In The New Yorker, Joshua Rothman continues the discussion about the relative wisdom of entering graduate school in the humanities. In my mind, it comes down to this: getting a phd in the humanities (9.3 years on average) takes so damn long that it is almost impossible to measure the cost and benefit of it. I could give you my personal story, but as Rothman points out, personal stories aren't worth much in trying to make these decisions. All I'll say is that I didn't have a good reason to go to grad school, but once I was in, I became very strategic in relation to the job market. In our department, it seems like many people finish in 7 years, but they may have come from an MA that took them 1.5 years to finish, which would put us around the national average of 8.9 years from the start of grad school. The average age of a Phd recepient in English is 33.7, which happens to be about the time that I learned I had been tenured (which only points to the limited value of personal stories).
The challenge of making a purposive decision in entering a humanities doctoral program and the near-decade it takes to get the degree are symptomatic of a general decision-making problem across the disciplines. The problem is that doctoral education pretends to be about professionalization, but never really gets there. Instead, the humanities confuse hyper-specialization with professionalization. I've written about the woes of hyper-specialization before many times here. If we could avoid hyper-specialization, I think it would be conceivable to finish in five years rather than nearly nine. What that would mean is that those first three years of coursework and qualifying exam preparation would need to be much more purposeful in terms of the dissertation to be written. One would be introduced to the research methods and theories that would be taken up in the dissertating phase, and one would get a clear sense of the field. Most importantly, one would need to be taught how to write a dissertation (it isn't magic). In an English phd program, one would probably read the equivalent of 150 books in those 3 years and about half of those during preparation for exams that should be specifically tailored to one's research project. After having spent 3 years reading, discussing, and writing about this large corpus of texts, you then have two years to write that dissertation. Now the danger is that after having done all that work, one is tempted to embark on an entirely new project that requires reading another 100 books (or so). I think this temptation stems from the fact that people enter the humanities because they are interested in reading and research but not in communicating or composing knowledge.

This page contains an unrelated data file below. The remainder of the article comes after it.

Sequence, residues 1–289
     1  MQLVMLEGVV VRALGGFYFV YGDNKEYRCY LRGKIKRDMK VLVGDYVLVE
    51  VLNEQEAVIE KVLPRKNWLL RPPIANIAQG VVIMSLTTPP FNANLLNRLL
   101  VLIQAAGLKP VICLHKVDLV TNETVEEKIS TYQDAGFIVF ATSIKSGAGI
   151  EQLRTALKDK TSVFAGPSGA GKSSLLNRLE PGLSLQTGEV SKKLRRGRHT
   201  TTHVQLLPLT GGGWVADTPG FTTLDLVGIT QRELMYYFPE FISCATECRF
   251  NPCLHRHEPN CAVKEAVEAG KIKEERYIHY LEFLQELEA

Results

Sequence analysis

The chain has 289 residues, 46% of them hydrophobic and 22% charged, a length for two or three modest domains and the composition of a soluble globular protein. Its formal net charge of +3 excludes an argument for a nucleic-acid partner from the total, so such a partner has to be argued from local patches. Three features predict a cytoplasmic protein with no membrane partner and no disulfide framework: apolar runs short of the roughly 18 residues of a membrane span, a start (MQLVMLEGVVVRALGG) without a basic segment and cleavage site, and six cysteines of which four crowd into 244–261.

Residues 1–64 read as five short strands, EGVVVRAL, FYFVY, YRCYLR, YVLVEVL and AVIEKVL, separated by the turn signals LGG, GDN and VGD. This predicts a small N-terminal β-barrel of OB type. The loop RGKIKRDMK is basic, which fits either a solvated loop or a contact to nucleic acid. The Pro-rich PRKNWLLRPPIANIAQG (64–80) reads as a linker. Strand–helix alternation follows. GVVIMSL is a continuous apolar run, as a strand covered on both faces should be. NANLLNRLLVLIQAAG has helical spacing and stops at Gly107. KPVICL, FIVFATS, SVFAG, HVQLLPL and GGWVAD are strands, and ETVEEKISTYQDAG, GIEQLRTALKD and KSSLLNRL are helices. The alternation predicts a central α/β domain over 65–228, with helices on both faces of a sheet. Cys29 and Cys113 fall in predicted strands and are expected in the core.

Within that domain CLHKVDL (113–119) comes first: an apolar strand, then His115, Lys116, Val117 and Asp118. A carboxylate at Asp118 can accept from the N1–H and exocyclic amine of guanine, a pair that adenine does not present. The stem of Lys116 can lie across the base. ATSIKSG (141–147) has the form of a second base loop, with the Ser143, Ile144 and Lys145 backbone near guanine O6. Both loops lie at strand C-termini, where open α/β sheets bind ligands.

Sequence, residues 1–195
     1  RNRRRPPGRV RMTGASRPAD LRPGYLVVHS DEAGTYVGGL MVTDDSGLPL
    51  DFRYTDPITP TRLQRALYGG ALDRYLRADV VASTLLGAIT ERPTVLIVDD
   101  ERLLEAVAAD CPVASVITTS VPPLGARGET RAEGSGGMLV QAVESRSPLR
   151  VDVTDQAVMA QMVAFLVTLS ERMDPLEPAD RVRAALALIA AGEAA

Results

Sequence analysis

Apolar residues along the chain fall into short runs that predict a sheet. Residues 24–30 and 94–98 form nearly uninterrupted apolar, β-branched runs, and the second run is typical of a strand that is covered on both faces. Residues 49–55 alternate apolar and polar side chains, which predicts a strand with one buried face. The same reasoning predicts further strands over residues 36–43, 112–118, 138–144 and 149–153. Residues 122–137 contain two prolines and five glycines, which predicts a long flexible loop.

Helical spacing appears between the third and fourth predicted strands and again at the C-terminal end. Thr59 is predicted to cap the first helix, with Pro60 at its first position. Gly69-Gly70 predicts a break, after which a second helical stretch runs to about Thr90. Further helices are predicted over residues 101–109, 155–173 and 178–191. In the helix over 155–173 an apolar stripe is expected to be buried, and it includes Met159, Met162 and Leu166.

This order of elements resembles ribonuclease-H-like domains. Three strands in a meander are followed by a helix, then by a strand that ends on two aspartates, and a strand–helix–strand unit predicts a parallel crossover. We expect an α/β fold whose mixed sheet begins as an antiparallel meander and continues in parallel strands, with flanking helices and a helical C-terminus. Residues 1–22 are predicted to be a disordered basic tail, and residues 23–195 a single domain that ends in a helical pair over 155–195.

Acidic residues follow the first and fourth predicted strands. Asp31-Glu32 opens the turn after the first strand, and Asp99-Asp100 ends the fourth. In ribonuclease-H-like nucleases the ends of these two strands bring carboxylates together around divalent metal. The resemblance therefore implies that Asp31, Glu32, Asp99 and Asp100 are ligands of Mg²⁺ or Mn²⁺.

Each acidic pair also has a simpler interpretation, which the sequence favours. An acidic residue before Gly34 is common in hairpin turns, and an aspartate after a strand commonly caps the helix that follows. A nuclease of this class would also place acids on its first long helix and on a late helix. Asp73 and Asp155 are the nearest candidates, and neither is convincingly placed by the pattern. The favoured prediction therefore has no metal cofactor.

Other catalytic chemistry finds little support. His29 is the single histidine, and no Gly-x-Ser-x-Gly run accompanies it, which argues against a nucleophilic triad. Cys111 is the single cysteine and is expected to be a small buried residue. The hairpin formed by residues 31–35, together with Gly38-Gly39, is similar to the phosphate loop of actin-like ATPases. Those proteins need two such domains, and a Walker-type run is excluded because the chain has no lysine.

There is also some strange notion at work about what knowledge is and how it is made. In my view, it is a perfectly acceptable heurstic to say, "I have read 150 books. Now I am going to write my dissertation based on the 3 years of research I have done. As such, I am going to limit my works cited to those books, plus a maximum of 25 more." Then one goes about organizing chapters based around those texts. The sense of cohesion and mastery that a book or dissertation displays is always a rhetorical trick. It seems to me that this is what I learned when writing my dissertation: to take things I'd already written and make them appear as though they went together. And of course they did go together, in the way that a line can be drawn between any two points. I guess it was a trick I had learned on a smaller scale writing seminar papers, where I would take a few quotes from the course texts and stitch them together with my own writing.
But somehow it doesn't happen that way for most dissertation writers and I'm not entirely sure why, except to say that I think it has something to do with the general purposelessness of the humanities. Without a purpose, research can continue interminably. There is always more to read, other questions to ask, and so on. It is as though one becomes beguiled by one's own rhetorical trick into believing that there is something more, some deep hidden secret, some inspired master idea, that drives the text. Sure, we feel these things from time to time, those flashes of insight when everything seems to come together in our minds. But that's just a trick of the light; the mind doing what the mind does. I mean, I trust those intuitions inasmuch as I find they are reliable in predicting my ability to put certain ideas together, to compose knowledge, but I don't believe they are in the text. It makes more sense to say that knowledge is composed rather than discovered.
I think that if one approaches these matters purposively and pragmatically they remain a fair amount of hard work but they cease to be these quixotic journeys. So why don't we do it that way? Why does it take years rather than months to write a dissertation? I would guess it has to do with the value placed upon experience rather than results. This is what Rothman is expressing: one cannot get a good handle on the value of a humanities doctoral degree because one can't get a handle on the experience. I think that's completely the wrong way to look at it though, it does explain why it takes people so long. There's no ineffable expereince in writing a disseration; what you're feeling is the product of sensory deprivation as a result of not seeing the sun for weeks on end. The problem is, I fear, that graduate programs are structured to reinforce this notion rather than to dispel it.